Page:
As long as I’m talking about that troublesome bolt, though: Does “more robust thread engagement” sound like a posh twist on “a screw that actually fits” to anyone else? Given the nature of the reported issues, could it be something as simple but devastating as too small a securing bolt used in a vital spot? There’s no way Ford would cop to it, but on a high-speed assembly line I wonder how hard it would be to accidentally pick up screws 1/16″ too small for the purpose and use them on a steering assembly–and to continue doing so for years.Ford Recalls Almost 2,000,000 Trucks For Seat Belt Fire Hazard Over 150,000 Chrysler/Jeep Vehicles Recalled for Brake Defect Kia, Hyundai Recall Over a Million Vehicles for Possible Electronic Airbag Defect Fiat Chrysler Recalls Millions of Vehicles for Cruise Controls That Might Not Disengage Bum Steer: Ford Recalls 1.4 Million Vehicles for Potential Detaching Steering Wheels
Ford Might Be On the Hook to Injured Drivers.
As I mentioned at the beginning, cars’ inner workings are pretty complicated to the uninitiated (including me). With that said, the fundamental mechanics of steering aren’t enormously intricate. The wheel’s supposed to bolt tightly in place, proximally connecting a driver to the car’s front axle and enabling him or her to steer. It has no business coming loose about 99% of the time and like all auto parts it should never detach accidentally. No one in or around the affected car is safe if that happens. Ford unquestionably knows it shouldn’t detach, and yet apparently they’ve been aware that’s a possibility for several years and continued to make their cars the same way in their factories in Michigan and Mexico, where most of the affected vehicles were made.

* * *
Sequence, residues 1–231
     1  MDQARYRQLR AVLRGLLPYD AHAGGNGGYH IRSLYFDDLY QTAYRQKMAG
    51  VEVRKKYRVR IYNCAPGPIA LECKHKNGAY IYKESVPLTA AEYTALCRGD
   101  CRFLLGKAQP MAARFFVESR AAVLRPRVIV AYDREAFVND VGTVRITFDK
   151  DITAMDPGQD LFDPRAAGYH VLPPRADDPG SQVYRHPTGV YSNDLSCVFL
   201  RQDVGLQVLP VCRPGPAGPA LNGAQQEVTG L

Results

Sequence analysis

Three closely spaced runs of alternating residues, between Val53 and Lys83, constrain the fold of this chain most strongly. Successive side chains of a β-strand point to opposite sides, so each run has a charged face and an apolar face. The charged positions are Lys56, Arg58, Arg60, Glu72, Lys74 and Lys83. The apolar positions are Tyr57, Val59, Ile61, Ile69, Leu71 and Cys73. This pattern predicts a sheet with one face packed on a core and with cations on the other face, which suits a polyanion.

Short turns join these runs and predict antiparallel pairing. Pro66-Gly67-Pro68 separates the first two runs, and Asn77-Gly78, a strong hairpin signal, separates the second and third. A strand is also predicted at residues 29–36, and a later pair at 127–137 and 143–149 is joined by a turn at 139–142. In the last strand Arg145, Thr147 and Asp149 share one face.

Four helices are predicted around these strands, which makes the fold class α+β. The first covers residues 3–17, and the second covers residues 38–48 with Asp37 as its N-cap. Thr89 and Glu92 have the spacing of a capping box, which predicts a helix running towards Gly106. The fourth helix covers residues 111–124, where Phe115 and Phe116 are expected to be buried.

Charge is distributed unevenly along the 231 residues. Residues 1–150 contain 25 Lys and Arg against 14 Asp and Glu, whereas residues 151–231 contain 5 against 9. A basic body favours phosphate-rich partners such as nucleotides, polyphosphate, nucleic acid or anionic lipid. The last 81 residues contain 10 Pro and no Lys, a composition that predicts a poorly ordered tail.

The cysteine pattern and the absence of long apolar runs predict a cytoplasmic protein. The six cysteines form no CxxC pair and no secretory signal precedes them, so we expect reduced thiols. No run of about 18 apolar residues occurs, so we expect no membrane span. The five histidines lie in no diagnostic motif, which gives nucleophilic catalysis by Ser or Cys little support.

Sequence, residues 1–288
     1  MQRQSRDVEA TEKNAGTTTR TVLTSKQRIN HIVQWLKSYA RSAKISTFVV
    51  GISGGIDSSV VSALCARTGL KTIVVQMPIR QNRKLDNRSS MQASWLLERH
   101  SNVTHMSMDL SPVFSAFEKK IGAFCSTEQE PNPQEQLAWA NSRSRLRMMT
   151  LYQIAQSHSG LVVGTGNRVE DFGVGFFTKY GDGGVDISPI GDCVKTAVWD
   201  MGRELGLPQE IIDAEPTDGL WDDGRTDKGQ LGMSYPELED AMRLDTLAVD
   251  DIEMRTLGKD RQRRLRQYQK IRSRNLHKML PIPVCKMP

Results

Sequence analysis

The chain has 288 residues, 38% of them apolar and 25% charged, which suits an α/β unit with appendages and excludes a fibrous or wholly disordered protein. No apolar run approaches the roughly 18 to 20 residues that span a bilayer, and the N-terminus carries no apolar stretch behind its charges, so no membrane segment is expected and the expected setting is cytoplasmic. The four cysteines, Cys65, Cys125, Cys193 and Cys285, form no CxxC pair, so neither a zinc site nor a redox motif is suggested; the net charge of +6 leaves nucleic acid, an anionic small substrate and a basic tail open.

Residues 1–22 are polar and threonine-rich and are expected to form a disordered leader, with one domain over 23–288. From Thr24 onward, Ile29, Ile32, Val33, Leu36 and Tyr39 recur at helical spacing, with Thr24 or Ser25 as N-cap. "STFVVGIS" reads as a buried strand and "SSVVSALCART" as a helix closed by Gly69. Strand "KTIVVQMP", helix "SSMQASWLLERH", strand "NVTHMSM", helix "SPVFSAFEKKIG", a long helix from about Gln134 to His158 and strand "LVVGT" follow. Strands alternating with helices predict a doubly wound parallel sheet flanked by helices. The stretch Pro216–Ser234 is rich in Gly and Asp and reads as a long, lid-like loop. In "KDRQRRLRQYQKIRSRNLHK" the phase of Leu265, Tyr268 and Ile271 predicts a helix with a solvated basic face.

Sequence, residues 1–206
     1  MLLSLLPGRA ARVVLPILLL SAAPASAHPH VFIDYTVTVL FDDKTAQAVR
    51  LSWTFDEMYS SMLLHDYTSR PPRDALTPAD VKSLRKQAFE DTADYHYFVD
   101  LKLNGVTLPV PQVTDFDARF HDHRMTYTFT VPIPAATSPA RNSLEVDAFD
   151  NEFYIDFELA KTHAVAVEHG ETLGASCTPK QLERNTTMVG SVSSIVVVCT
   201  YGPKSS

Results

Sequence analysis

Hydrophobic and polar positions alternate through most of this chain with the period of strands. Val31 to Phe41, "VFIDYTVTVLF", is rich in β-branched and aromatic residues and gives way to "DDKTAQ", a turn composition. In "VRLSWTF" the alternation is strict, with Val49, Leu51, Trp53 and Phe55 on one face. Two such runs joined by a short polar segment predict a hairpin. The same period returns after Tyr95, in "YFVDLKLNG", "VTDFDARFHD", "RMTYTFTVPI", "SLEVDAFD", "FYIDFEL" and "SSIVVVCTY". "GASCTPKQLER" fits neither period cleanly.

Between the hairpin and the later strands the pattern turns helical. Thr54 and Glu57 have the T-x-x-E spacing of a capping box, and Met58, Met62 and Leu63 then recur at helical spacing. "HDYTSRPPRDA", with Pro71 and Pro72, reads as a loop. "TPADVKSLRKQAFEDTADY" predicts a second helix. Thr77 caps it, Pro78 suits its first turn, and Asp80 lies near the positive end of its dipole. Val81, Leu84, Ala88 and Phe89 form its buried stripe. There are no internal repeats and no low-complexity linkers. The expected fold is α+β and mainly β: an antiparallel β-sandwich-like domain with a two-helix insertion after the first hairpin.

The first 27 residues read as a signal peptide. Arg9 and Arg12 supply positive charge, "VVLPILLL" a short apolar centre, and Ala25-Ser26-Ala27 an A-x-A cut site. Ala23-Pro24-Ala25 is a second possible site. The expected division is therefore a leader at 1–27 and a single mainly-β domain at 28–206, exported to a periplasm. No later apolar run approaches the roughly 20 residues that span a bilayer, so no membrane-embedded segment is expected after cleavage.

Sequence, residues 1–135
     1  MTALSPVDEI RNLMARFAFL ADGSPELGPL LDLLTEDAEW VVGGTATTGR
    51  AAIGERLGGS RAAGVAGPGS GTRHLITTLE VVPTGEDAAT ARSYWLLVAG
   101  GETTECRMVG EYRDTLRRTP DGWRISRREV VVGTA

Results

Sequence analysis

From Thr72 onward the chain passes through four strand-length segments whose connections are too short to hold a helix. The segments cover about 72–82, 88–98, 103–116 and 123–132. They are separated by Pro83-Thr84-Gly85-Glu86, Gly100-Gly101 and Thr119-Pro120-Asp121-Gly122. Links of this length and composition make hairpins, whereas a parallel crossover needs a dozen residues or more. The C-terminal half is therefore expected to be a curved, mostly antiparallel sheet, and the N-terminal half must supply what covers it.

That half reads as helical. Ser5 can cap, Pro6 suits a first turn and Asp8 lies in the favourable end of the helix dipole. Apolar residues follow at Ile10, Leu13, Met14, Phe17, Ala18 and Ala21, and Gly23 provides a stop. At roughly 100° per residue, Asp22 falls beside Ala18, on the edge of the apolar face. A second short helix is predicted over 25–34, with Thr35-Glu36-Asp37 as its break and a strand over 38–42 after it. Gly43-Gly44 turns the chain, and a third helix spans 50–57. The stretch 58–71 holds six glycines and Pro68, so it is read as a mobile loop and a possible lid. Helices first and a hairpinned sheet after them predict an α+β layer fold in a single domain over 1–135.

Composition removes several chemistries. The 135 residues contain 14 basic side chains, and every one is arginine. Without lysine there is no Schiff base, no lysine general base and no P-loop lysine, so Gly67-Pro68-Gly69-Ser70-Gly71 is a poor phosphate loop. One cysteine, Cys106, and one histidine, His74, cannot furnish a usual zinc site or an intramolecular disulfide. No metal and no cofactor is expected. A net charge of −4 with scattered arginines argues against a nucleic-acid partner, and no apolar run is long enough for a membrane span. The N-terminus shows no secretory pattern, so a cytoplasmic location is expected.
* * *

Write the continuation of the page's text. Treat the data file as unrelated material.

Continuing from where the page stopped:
In many Texas cities–and Dallas is a major example–a vehicle is almost indispensable in getting from one location to another. The Lone Star State is so big horizontally that its large cities have a tendency to sprawl outward instead of building vertically. Most of us have to range out of our immediate neighborhoods to get to work or play, and it’s not asking too much of our vehicles that they transport us safely to and fro. That’s one of the many aspects of the implied warranty Ford and its distributors create when they release the cars to the market.
The purchase of a consumer good (like a car) creates an agreement between its buyer and seller that the item will perform according to reasonable expectations. In other words, the car is what the sellers say it is and does what they say it does, including all bits and pieces that make it work. If it’s sold off a Ford dealership lot brand new with too small a bolt holding its steering wheel in place, that could be interpreted as a violation of its warranty of merchantability or even its warranty of fitness for a particular purpose.
Ford’s lucky that only two accidents and one injury have been reported so far, given the severity of the defect involved and the millions of possibly-faulty cars still on the road. If they’ve known for something like three years that the Fusions’ wobbly steering wheels are a problem and are just now getting around to issuing a recall, it’s likely that anyone else hurt on a Sunday drive could have grounds to seek damages.